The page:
Among these import subcategories, Colombian purchases of solar power diodes and semi-conductors (up 301.8%), electric generating sets and converters (up 75.9%) then lower-voltage switches or fuses (up 43.6%) grew at the fastest pace from 2020 to 2021.
These amounts and the percentage gains within parenthesis clearly show where the strongest demand lies for different types of electronics-related imports among Colombian businesses and consumers.
Colombia’s Main Machinery Imports
In 2021, Colombian importers spent the most on the following 10 subcategories of machinery including computers.
- Computers, optical readers: US$1.5 billion (up 25% from 2020)
- Heavy machinery (bulldozers, excavators, road rollers): $277 million (up 97.1%)
- Centrifuges, filters and purifiers: $276.7 million (up 15.2%)
- Air or vacuum pumps: $273.1 million (up 46.9%)
- Taps, valves, similar appliances: $266.8 million (up 32.7%)
- Liquid pumps and elevators: $254.4 million (up 14.1%)
- Refrigerators, freezers: $213.5 million (up 44.9%)
- Transmission shafts, gears, clutches: $184.4 million (up 25.1%)
- Washing machines: $179.3 million (up 27.8%)
- Piston engine parts: $177.6 million (up 33%)
Among these import subcategories, Colombian purchases of heavy machinery such as bulldozers, excavators and road rollers (up 97.1%), air or vacuum pumps (up 46.9%) then refrigerators and freezers (up 44.9%) grew at the fastest pace from 2020 to 2021.
These amounts and the percentage gains within parenthesis clearly show where the strongest demand lies for different types of machinery-related imports among Colombian businesses and consumers.
Colombia’s Main Imports of Vehicles
In 2021, Colombian importers spent the most on the following 10 subcategories of vehicles and related products.
- Cars: US$2.3 billion (up 53.1% from 2020)
- Trucks: $865.5 million (up 66.7%)
- Automobile parts/accessories: $571.9 million (up 32.6%)
- Tractors: $314.6 million (up 50.7%)
- Motorcycle parts/accessories: $226.9 million (up 70.2%)
- Public-transport vehicles: $145.9 million (down -44.8%)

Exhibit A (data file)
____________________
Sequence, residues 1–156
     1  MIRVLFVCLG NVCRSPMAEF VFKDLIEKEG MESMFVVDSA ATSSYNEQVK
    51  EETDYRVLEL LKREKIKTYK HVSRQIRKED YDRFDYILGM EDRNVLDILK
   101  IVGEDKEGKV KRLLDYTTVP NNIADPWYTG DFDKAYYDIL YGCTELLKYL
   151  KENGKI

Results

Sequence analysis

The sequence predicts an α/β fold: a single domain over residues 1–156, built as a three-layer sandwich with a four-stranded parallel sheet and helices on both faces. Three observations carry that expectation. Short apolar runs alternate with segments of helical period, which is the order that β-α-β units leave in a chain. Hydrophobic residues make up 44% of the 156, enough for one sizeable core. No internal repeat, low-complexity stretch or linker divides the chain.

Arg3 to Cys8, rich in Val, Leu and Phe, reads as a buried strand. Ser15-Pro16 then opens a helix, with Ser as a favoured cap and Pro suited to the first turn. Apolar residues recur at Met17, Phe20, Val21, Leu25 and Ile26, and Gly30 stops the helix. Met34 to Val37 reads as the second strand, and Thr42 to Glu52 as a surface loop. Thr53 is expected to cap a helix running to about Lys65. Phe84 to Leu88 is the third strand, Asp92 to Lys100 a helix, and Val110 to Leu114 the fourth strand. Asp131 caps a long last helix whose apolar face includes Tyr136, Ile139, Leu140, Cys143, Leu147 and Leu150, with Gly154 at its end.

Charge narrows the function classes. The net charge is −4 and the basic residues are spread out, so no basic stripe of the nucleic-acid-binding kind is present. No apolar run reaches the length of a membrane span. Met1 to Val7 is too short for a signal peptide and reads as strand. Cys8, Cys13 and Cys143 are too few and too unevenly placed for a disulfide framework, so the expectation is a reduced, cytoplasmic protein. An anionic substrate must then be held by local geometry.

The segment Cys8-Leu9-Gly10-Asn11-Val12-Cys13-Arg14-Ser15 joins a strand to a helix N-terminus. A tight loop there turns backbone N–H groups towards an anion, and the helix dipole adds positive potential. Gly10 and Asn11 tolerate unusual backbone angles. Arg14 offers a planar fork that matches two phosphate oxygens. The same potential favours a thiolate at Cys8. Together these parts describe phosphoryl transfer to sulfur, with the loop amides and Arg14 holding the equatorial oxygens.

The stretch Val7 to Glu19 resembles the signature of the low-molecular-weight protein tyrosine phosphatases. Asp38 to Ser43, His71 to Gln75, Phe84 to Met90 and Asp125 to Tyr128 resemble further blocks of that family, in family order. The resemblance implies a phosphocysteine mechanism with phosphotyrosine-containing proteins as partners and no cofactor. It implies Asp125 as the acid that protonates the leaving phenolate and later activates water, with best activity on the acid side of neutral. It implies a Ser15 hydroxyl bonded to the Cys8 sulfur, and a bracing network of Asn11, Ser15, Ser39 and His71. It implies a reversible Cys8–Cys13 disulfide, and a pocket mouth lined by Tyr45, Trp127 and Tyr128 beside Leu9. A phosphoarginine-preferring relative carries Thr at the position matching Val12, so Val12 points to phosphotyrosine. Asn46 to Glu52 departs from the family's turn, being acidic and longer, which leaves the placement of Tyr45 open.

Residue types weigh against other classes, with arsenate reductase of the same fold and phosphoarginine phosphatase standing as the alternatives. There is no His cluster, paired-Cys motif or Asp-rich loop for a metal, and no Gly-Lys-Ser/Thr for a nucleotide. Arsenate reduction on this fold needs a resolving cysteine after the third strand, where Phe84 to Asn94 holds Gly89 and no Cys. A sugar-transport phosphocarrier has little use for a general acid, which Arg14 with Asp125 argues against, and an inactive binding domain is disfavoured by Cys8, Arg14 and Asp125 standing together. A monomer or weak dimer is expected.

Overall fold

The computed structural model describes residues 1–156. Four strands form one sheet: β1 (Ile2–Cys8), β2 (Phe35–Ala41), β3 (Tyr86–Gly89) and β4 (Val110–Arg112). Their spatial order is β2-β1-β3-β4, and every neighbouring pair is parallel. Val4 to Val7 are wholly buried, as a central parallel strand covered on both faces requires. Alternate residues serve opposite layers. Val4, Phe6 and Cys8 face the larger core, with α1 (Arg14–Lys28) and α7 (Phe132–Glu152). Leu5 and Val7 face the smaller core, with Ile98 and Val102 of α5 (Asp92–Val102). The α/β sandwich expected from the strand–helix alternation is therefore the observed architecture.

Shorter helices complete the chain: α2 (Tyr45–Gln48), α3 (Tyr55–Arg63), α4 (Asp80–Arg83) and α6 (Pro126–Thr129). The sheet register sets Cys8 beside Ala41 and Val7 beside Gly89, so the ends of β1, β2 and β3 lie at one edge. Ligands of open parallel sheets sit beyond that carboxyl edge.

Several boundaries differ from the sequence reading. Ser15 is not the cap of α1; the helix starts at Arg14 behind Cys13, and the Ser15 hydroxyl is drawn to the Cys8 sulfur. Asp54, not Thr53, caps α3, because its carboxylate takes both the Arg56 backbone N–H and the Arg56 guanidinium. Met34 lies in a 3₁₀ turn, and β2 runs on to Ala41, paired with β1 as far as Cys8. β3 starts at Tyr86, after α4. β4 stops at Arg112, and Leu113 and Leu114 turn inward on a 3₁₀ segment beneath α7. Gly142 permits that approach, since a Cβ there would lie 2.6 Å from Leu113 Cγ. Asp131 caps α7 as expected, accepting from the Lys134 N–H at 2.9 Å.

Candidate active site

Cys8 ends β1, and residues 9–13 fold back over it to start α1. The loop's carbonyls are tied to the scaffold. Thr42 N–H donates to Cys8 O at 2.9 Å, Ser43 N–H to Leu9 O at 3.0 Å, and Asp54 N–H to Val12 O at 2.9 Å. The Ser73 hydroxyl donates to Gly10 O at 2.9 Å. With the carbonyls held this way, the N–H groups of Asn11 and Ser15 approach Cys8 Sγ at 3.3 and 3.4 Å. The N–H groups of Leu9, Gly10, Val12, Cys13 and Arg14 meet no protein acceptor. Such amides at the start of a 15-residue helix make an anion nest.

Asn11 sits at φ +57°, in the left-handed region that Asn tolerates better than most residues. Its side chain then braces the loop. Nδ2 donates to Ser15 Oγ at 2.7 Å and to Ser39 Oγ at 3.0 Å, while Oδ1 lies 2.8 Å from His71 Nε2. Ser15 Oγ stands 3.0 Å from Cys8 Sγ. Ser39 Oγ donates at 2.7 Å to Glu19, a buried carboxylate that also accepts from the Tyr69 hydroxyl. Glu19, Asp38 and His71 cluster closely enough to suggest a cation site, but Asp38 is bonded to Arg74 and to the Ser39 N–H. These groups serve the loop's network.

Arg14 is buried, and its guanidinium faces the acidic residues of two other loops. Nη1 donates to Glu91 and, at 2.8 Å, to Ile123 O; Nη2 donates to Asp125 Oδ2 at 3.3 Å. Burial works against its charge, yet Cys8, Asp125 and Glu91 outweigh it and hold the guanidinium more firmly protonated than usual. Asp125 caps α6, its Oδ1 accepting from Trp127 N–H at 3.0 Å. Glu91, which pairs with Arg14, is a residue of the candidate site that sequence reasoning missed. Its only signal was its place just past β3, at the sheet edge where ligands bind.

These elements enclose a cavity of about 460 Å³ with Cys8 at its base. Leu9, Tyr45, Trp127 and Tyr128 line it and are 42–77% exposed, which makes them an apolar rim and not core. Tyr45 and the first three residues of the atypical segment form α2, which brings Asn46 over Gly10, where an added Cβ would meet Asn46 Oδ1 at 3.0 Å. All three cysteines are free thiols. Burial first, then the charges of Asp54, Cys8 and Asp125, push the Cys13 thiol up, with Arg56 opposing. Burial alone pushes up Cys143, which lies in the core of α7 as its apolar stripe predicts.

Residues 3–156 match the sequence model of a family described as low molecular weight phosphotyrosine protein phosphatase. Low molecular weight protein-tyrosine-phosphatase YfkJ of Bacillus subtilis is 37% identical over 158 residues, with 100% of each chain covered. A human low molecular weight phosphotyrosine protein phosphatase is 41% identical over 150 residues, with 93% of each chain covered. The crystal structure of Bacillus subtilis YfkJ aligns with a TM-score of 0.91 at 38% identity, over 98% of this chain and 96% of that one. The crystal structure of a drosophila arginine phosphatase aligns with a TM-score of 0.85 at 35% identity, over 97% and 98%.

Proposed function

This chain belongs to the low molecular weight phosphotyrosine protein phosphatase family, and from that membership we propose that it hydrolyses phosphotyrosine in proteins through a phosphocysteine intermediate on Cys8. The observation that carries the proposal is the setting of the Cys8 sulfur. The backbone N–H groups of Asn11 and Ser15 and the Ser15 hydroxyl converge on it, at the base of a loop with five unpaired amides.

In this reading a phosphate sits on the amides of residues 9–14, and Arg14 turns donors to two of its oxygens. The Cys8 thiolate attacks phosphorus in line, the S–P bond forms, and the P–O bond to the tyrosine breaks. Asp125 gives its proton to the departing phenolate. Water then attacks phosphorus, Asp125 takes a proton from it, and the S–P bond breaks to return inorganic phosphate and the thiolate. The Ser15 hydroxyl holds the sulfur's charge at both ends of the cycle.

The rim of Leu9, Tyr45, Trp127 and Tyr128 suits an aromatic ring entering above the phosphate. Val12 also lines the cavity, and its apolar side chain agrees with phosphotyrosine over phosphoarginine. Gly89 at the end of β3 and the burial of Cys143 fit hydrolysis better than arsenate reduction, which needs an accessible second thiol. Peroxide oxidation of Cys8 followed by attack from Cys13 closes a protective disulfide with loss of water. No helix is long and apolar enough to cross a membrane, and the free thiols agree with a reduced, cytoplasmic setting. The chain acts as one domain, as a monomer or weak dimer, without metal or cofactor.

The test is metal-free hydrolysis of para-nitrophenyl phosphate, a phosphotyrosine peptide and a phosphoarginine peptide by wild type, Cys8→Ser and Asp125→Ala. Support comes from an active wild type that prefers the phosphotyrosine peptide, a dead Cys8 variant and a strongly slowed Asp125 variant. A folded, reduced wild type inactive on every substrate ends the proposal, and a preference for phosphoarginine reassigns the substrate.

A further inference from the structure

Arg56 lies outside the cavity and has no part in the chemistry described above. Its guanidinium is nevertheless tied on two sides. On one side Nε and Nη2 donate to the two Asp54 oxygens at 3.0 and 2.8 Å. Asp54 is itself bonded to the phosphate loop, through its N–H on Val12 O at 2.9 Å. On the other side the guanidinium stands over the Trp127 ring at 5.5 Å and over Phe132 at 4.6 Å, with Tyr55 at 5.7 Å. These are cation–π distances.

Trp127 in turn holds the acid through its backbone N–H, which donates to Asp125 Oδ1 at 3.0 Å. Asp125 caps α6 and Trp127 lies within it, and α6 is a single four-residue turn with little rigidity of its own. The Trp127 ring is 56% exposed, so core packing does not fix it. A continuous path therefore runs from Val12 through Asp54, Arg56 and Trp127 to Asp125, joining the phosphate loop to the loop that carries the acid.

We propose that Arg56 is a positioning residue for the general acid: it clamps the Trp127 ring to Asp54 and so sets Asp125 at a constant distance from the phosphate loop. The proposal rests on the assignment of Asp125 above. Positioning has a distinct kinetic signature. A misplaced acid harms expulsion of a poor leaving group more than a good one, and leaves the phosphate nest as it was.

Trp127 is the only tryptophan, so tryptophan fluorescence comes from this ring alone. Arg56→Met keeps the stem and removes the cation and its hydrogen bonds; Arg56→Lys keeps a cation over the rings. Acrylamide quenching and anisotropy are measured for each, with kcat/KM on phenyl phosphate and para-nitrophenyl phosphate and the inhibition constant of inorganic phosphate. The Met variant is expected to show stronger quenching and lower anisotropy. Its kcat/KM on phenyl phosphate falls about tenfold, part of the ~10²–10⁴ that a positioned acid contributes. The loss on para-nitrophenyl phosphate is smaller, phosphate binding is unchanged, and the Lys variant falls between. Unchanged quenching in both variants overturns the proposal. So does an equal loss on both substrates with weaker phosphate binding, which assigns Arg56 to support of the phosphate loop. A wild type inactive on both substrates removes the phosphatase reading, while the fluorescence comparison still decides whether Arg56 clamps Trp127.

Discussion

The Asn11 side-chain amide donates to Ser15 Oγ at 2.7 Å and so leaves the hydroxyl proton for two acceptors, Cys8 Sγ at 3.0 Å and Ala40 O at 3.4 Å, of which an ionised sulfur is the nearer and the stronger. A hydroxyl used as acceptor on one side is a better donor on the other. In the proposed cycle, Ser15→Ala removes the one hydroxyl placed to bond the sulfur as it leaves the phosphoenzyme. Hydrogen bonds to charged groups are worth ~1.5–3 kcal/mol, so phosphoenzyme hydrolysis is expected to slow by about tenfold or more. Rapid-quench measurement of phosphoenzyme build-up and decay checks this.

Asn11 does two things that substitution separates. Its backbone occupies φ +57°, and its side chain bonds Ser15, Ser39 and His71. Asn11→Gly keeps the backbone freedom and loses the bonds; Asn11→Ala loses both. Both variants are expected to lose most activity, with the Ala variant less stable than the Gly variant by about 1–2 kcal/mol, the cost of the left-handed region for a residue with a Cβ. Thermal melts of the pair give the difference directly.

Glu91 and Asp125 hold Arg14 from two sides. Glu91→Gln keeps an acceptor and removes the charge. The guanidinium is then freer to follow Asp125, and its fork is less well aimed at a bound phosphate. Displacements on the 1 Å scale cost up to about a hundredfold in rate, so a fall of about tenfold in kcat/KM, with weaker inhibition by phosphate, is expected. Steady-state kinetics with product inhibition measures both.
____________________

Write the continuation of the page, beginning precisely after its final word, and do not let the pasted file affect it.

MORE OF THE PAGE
- Motorcycles: $118 million (up 58.9%)
- Bicycles, other non-motorized cycles: $90 million (up 71.3%)
- Trailers: $41.6 million (up 35.4%)
- Automobile bodies: $36 million (down -13.6%)
Among these import subcategories, Colombian purchases of bicycles plus other non-motorized cycles (up 71.3%), motorcycle parts or accessories (up 70.2%) then trucks (up 66.7%) grew at the fastest pace from 2020 to 2021.
These amounts and the percentage gains within parenthesis clearly show where the strongest demand lies for different types of vehicles-related imports among Colombian businesses and consumers.
Colombia’s Main Imports of Pharmaceutical Products
In 2021, Colombian importers spent the most on the following subcategories of pharmaceuticals.
- Medication mixes in dosage: US$1.83 billion (up 19.4% from 2020)
- Blood fractions (including antisera): $1.81 billion (up 133.4%)
- Sutures, special pharmaceutical goods: $109.9 million (up 27.4%)
- Medication mixes not in dosage: $72.5 million (up 47.8%)
- Packaged dressings: $51.1 million (up 23.2%)
- Dried organs, heparin: $38.9 million (up 102.9%)
Among these import subcategories, Colombian purchases of blood fractions including antisera (up 133.4%), dried organs and heparin (up 102.9%) then medication mixes not in dosage (up 47.8%) grew at the fastest pace from 2020 to 2021.
These amounts and the percentage gains within parenthesis clearly show where the strongest demand lies for different types of pharmaceuticals-related imports among Colombian businesses and consumers.
See also Colombia’s Top Trading Partners, Colombia’s Top 10 Exports, Peru’s Top Trading Partners, China’s Top Trading Partners and Top US Trading Partners
Central Intelligence Agency, Trade CentreCountry Profiles. Accessed on June 28, 2022
International Monetary Fund, World Economic Outlook Database (GDP based on Purchasing Power Parity). Accessed on June 28, 2022
International Trade Centre, Trade Map. Accessed on June 28, 2022
Organization for Economic Co-operation and Development, Exchange Rates data (National Currency per U.S. dollar, 2000-2021). Accessed on June 28, 2022